New England Patriots

CARSON, CALIFORNIA - OCTOBER 13: Tight end Hunter Henry #86 of the Los Angeles Chargers makes the catch for a touchdown as cornerback Joe Haden #23 of the Pittsburgh Steelers defends during the fourth quarter at Dignity Health Sports Park on October 13, 2019 in Carson, California. (Photo by Katharine Lotze/Getty Images)

The Patriots made a stunning double-dip at tight end on Tuesday, following up their day-1, hour-1 signing of Jonnu Smith with a top-of-the-market contract for former Chargers TE Hunter Henry. From 10,000 feet, the deal is for three years, $37.5 million, and $25 million guaranteed – the second-most ever given to a tight end other than … Jonnu Smith.

But once you dive into the details of the Henry deal, it’s clear that the risk is only short-term in nature for the talented but oft-injured tight end. So if you were to pick a 2021 free-agent signing that carries the highest immediate risk, it’s Henry.

Essentially, it’s a two-year deal for $25 million between the Patriots and Henry, and then we’ll see. He will make all of his guarantees in the first two years, in the form of a $15 million signing bonus and salaries of $1 million in 2021 and $9 million in 2022. Here’s the full three-year breakdown, thanks to ESPN’s Mike Reiss:

2021: $1 million salary (guaranteed), $875,000 in per game roster bonuses ($58,823.53 per game), $6.875 million cap hit, up to $16.875 million cash

2022: $9 million salary (guaranteed), $1 million in per game roster bonuses, $15 million cap hit, up to $10 million cash

2023: $9.5 million salary, $1 million in per-game roster bonuses, $15.5 million cap hit, up to $10.5 million cash

Note that Henry played only 14 games in 2020, so only 14 of his per-game roster bonuses are categorized as “likely to be earned” in 2021. Which is another small indication of Henry’s struggles with various injuries over the course of his career so far.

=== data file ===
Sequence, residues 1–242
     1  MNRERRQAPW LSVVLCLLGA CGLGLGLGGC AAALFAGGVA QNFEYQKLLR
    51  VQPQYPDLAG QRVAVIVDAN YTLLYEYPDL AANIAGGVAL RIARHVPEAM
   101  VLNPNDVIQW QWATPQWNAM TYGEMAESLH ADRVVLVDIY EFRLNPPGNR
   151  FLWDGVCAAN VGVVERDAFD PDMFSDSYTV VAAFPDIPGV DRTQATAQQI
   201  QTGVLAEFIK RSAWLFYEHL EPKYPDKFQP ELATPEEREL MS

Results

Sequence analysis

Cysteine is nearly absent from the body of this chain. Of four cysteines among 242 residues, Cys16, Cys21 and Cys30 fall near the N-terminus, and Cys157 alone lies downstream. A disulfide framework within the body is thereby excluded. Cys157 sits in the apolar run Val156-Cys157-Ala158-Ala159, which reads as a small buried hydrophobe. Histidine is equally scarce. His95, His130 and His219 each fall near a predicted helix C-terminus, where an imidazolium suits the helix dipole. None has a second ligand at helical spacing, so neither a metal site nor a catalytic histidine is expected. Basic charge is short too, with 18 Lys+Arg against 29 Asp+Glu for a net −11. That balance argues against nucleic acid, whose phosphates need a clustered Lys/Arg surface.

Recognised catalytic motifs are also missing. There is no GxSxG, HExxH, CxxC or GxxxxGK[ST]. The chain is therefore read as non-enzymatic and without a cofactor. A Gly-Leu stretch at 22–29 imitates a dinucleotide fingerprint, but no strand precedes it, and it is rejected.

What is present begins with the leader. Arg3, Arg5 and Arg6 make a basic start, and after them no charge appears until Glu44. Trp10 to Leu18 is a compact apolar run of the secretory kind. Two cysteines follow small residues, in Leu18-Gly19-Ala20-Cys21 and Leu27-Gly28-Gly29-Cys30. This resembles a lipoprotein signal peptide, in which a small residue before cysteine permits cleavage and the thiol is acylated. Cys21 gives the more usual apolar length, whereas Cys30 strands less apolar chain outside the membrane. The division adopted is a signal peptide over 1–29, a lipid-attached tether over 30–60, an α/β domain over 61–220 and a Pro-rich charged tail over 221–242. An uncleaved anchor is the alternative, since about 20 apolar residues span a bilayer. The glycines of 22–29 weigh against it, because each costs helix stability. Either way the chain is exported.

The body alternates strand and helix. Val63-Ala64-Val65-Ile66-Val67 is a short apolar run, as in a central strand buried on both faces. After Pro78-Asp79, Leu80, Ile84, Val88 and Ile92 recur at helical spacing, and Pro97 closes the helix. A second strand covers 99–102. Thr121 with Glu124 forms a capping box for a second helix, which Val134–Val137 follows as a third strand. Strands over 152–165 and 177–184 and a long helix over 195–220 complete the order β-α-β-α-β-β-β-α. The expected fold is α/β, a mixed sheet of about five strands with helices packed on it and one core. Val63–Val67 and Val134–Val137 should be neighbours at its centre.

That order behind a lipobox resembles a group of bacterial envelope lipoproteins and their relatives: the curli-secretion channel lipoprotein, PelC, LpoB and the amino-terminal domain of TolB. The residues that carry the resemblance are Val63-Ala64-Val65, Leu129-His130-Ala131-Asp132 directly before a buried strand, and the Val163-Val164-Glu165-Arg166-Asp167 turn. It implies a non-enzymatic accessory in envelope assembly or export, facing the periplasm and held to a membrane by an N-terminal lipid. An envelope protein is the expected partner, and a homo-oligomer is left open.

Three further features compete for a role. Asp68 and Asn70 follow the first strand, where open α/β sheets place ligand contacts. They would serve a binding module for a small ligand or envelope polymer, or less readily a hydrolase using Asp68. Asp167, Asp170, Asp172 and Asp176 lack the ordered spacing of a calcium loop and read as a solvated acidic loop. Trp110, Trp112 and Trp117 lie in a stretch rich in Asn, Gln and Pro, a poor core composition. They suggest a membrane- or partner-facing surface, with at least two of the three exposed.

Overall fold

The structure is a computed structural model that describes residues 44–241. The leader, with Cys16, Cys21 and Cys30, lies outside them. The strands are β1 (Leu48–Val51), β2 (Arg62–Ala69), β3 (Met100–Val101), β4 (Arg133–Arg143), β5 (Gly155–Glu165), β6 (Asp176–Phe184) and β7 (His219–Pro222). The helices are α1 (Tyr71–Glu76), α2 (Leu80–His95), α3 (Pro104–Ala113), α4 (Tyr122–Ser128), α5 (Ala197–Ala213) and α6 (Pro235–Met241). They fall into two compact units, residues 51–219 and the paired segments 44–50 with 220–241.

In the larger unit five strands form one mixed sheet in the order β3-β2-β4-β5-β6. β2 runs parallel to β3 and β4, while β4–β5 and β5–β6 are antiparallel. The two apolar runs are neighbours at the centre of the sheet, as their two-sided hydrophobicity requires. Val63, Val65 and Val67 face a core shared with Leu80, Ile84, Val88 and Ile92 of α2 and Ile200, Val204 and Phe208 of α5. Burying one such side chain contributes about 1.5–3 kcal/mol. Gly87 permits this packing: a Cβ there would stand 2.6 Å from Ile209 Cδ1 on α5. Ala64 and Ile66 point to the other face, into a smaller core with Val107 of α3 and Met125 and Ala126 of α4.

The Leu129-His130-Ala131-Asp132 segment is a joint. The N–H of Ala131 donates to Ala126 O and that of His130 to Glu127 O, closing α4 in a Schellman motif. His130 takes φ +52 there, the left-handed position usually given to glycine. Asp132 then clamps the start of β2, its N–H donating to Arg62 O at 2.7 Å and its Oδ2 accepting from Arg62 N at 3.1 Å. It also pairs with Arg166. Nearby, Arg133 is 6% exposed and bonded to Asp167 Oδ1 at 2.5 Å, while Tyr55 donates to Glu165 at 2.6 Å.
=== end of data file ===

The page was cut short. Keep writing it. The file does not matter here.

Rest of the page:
Some of Henry’s injuries could be described as the “freak” variety. But they have piled up.

2016: Concussion in Week 7, misses Week 9 with knee injury
2017: Kidney laceration in Week 15 ends season
2018: Missed entire season with torn ACL suffered in OTAs
2019: Missed four games with tibial plateau fracture in left leg
2020: Missed final two games on COVID-19 list

So technically, Henry hasn’t suffered a physical injury since September 2019. But the next time he plays a full season will be the first.

It’s worth noting, however, that the Chargers’ medical staff has been the subject of heavy scrutiny and criticism, spanning multiple staffers from before and during Henry’s career. Most recently, team doctor David Gazzaniga accidentally punctured Tyrod Taylor’s lung while administering a pain-killing injection. Henry publicly supported the Chargers’ team doctors after the incident, saying: “I still have faith in our medical staff. Obviously this is an unfortunate event. It’s not good. I know none of us think it’s good at all. But we’re going to continue to move forward and I do have faith in them.”

Back to the contract. Thanks to the expertise of Miguel Benzan, we know that the Patriots could easily get out from under the deal after two years. In 2023, they’d be able to cut or trade him, either before or after June 1, and save $10.5 million in both real dollars and cap dollars. They could also trade Henry in 2022 with a post-June 1 designation, and save $10 million against the cap while Henry’s new team pays the rest of his $9 million guaranteed.

The Hunter Henry contract carries plenty of short-term risk for the Patriots, but mitigates the long-term risks for a tight end with an extensive injury history. (Photo by Sean M. Haffey/Getty Images)

The Hunter Henry contract carries plenty of short-term risk for the Patriots, but mitigates the long-term risks for a tight end with an extensive injury history. (Photo by Sean M. Haffey/Getty Images)

Ideally, Henry finally avoids a freak injury and stays on the field for the Patriots – especially in year 1. That’s where all the risk is. If the 2021 Patriots offense is going to run through Smith and Henry, that will only increase the volume of hits the tight end will take over the middle of the field.

But the Patriots will get most of their financial commitment to Henry out of the way in the first year of the contract. After that, they’ll have ways to protect themselves if necessary. It was wise to mitigate the long-term risks for a tight end who has had durability issues.

Keep your fingers crossed that Henry is available throughout 2021.

MORE: Patriots Free Agency Tracker

There are still plenty of notable free agents out there. Scroll down for our list of names to know.

Matt Dolloff is a writer and podcaster for Any opinions expressed do not necessarily reflect those of 98.5 The Sports Hub, Beasley Media Group, or any subsidiaries. Have a news tip, question, or comment for Matt? Yell at him on Twitter @mattdolloff and follow him on Instagram @mattydsays. You can also email him at